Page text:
At the break of the second day, we saw a piece of sky and gained clear visibility. In the east and the west, big bunches of clouds indicated land, to the north, visibility was clear. We did not suffer from cold, as the sun had warmed us, after it had broken through the fog. Not before 1 p.m. it cooled down and we started to descend.
We used this opportunity, to throw some unnecessary items overboard. We aimed for saving our remaining sand. This sand was most valuable, because it could be dropped in small and very small portions. We had a tarpaulin of 30 kilograms weight on board to pack the balloon in it after landing, it flew overboard and we climbed up to an altitude of 3700 meters. Now we were heading straight north. Since I had no exact instruments and tabulates with me, I was forced to determine the height of the sun at noon by simple means, which showed up a latitude of 67 degrees. The method, I had used for this calculation, was checked by me in Bern later when I detected, that I was wrong for only one to one and a half degrees.
In the following, third night, we frequently changed the guard above the constantly roaring waves. Between around 1 to 2 a.m. I was on the guard. Then, for some time, while the balloon had started to rise again, we made our watch together, then we both rested, because nothing could happen now. We had to rest, because we did not know, which demands for power and perseverance might approach us. We had to be prepared for almost everything. We could fall to the sea or land at a place, where we would have to face long and straining walks. So I also cared, that we ate enough from our plentiful food supply, and indeed, neither of us felt any tiredness. But nevertheless it happened, that we thought about many things, you normally don’t care for, like the sense of life and the future, that seemed a little bit dangerous for us – –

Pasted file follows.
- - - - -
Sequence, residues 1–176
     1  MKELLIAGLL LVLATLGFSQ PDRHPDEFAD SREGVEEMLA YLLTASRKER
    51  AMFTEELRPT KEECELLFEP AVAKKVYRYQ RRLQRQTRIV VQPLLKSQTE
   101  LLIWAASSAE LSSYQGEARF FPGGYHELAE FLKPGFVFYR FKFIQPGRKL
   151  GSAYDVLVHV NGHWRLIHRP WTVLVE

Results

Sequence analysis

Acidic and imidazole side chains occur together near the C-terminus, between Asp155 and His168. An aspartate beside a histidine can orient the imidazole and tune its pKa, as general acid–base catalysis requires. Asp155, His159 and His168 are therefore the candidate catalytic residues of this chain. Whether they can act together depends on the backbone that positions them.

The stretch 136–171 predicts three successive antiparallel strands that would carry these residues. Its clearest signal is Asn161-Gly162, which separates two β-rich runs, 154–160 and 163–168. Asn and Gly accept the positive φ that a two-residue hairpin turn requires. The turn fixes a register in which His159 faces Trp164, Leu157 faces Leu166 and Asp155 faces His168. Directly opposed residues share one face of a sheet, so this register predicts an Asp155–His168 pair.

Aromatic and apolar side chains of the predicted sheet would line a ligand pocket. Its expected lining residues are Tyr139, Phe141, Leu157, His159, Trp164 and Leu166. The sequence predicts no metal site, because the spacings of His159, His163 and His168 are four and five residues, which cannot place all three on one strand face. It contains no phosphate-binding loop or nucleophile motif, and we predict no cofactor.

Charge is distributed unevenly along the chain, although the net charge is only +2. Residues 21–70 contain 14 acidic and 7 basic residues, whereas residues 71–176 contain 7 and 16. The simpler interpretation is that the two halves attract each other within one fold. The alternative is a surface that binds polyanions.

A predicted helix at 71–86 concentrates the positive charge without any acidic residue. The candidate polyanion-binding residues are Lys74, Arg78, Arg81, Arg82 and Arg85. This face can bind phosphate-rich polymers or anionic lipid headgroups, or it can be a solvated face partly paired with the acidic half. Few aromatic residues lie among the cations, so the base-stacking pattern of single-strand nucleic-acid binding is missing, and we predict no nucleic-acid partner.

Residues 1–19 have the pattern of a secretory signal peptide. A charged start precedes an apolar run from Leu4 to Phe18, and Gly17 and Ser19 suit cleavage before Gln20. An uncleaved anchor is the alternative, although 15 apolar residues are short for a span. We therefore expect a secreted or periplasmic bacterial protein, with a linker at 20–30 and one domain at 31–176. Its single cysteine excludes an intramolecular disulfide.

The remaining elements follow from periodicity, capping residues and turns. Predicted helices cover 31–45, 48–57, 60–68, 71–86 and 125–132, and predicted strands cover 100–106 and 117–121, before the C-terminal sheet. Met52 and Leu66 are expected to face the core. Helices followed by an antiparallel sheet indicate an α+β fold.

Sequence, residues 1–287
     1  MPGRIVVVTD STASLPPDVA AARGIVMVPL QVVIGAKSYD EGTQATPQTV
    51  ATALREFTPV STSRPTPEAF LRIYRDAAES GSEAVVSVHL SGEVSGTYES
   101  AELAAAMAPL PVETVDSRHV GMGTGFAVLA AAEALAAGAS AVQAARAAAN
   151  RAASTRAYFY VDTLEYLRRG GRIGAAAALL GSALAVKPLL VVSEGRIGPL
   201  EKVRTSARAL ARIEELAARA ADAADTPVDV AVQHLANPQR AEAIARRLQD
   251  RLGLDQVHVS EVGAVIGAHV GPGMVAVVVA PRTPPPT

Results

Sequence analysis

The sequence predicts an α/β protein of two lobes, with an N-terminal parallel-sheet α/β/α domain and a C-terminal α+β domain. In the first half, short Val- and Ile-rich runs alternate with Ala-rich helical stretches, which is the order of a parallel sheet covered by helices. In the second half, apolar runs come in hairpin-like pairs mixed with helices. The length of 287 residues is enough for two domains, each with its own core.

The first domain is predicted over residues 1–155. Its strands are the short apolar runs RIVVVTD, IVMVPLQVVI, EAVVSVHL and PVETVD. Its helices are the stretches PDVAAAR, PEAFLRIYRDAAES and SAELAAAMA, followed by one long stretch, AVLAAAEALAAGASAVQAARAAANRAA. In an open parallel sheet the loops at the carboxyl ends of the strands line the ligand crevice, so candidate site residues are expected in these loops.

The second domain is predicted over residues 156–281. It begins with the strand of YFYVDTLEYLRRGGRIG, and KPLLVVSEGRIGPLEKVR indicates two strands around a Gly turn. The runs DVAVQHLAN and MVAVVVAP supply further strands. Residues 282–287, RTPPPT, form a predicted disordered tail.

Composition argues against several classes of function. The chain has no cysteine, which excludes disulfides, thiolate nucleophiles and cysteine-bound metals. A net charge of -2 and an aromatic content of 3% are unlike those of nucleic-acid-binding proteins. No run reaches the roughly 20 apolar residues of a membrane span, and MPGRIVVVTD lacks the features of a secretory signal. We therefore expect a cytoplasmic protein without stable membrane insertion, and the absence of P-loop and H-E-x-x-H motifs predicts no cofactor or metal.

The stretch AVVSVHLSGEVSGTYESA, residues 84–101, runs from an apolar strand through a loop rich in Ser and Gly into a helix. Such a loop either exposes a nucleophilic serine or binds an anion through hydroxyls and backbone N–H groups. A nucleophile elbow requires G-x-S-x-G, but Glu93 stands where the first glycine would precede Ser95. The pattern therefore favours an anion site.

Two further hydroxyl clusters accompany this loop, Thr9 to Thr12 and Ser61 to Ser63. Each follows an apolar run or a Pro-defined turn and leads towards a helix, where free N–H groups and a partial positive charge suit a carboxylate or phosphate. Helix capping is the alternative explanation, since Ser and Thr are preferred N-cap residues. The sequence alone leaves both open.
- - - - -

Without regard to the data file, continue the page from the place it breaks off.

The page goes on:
In the evening we approached again a layer of fog, approximately 600 to 700 meters thick. We allowed the balloon to drop, until the trail-rope was in the water for a length of about 30 to 40 m. Slowly the balloon closed up to the waves. The basket may not touch the water, and we could prevent this. The fog connected the clouds like valleys and mountains and once we came to the edge of such a mountain. There we saw the shadow of our balloon, clearly and with all details, circled by the fresh colours of the spectrum. The warmth from the sea, streaming up from below, warmed the gas in our balloon, so we came up high again and out of the fog and could finally see the stars in the sky. This again soon caused a cooling, the balloon dropped again and once more we floated, well balanced, but in the fog, until the break of the new, the fourth day, when the sun appeared again. Then it went up again and soon we reached 4000 m. Our situation still had not changed. We saw the sky and the fog and heard the waves. It was 10 a.m. when we discovered something in the distance, very interesting to us: land! We had been wrong for several times before. Once we had thought, we had heard church-bells ringing, then to recognize a coastal mountain, but it always had turned out to be shapes of the fog. Now we watched together and realized, it was really land! Of course, it was far away, at least 50 km, and we were driven parallel to it, but it soon became clearly visible and we shook hands with no words…..